It seems to take forever, this climb. I get off and rest, walk, ride again. The energy bars are not doing it for me. I should have gone off course and gotten at least a convenience store pasta. Finally, around 215AM, I get to the shrine just before the top of Kuraiyama Pass. Elev 1015 meters. 640 meters up from Gero.
|At Kuraiyama Jinja Photo #6|
|At Kuraiyama Jinja Photo #7|
|Finally, Kuraiyama Jinja Photo #8. Gate and shrine visible!|
The road looks different than when I came up. It is still pitch dark, but now it is strewn with debris and running streams where a few hours earlier it had been reasonably clear.
Down in the valley, I pull over for one stop en route, in a sheltered, dry and enclosed bus stop, to warm up a bit during an intense squall, then I cross the river onto Route 41.
|This enclosed, dry bus stop would have been a better place to hide out than the shrine up the hill!|
Getting home was an adventure. When I mentioned in the morning that I should go to the station and check on trains, the hotel manager told me I could take a 10:26AM express train, and pointed me to a "home center" on the edge of town where I could get a bike cover or tape and XL garbage bags, to try to wrap my bicycle and board a train.
|Hida River -- I wish I had taken a video to show the incredible water volumes.|
So I unpack the bike and do what I should have done already, when I headed to the home center. I head down Route 41 along the Hida River. Only 110 kms from Gero Station to Nagoya Station. Several massive downpours along the route.
As I just pass from Minokamo though into Aichi Prefecture -- Kani-shi and Inuyama-shi and beyond, Route 41 becomes a fast limited access highway. Another prolonged thunderstorm hits, and quickly the road has 3-5 cms of water. People are looking out their car windows toward me at stoplights, wondering who is crazy enough to be riding FAST on a bicycle in this weather. I have not seen a road cyclist since just outside of Iida on Saturday.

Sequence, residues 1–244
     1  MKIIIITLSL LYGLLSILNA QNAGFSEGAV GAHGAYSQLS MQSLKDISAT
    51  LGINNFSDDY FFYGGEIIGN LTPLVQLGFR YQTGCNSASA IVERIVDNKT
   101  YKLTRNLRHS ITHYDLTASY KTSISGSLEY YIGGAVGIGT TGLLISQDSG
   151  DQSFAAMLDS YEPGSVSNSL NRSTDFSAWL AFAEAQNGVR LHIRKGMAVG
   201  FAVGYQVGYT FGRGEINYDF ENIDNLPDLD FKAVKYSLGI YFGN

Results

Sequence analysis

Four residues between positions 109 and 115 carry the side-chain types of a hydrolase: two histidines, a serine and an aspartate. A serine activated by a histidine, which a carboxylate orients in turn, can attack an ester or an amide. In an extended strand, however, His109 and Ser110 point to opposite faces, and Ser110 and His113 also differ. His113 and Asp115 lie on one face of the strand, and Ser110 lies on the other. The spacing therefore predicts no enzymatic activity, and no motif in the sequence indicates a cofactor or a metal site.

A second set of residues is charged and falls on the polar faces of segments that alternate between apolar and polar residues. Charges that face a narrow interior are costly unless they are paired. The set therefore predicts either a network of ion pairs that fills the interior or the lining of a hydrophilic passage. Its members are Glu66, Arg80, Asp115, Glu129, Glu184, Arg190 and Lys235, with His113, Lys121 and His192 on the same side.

Finally, Nagoya Station, time to dry and pack the bike to the extent practical, and a quick (1hr 40min) standing room trip to Shinagawa via Shinkansen. By the end I rode 450 kms and climbed around 6000 meters ... in how much precipitation? More than on the Hokkaido 1200! Much more!
More news about the rain and flooding in Japanese (with video) at the linked site (unless and until the link goes dead). Record setting amounts of rainfall. Over 20,000 were evacuated from their homes in Takayama-shi.
|Gifu Record Rainfall, Flooding and Water Damage -- from NNN via Yahoo Japan|
|Page 1 of Gifu Road Closure List, August 17 1:30PM|
UPDATE: The aero bars worked okay, except after 200 kms I really did miss the room along the bar tops covered by the armrests. I removed the armrests and found this gave me the best of both worlds -- I can stretch out onto the mini aero bars, but still get full use of the bar tops. This is potentially a winning set-up for brevets where aero bars are not prohibited and yet I do not need the front Ortlieb bag. PBP does not allow aero bars. Some local Audax rules also may not....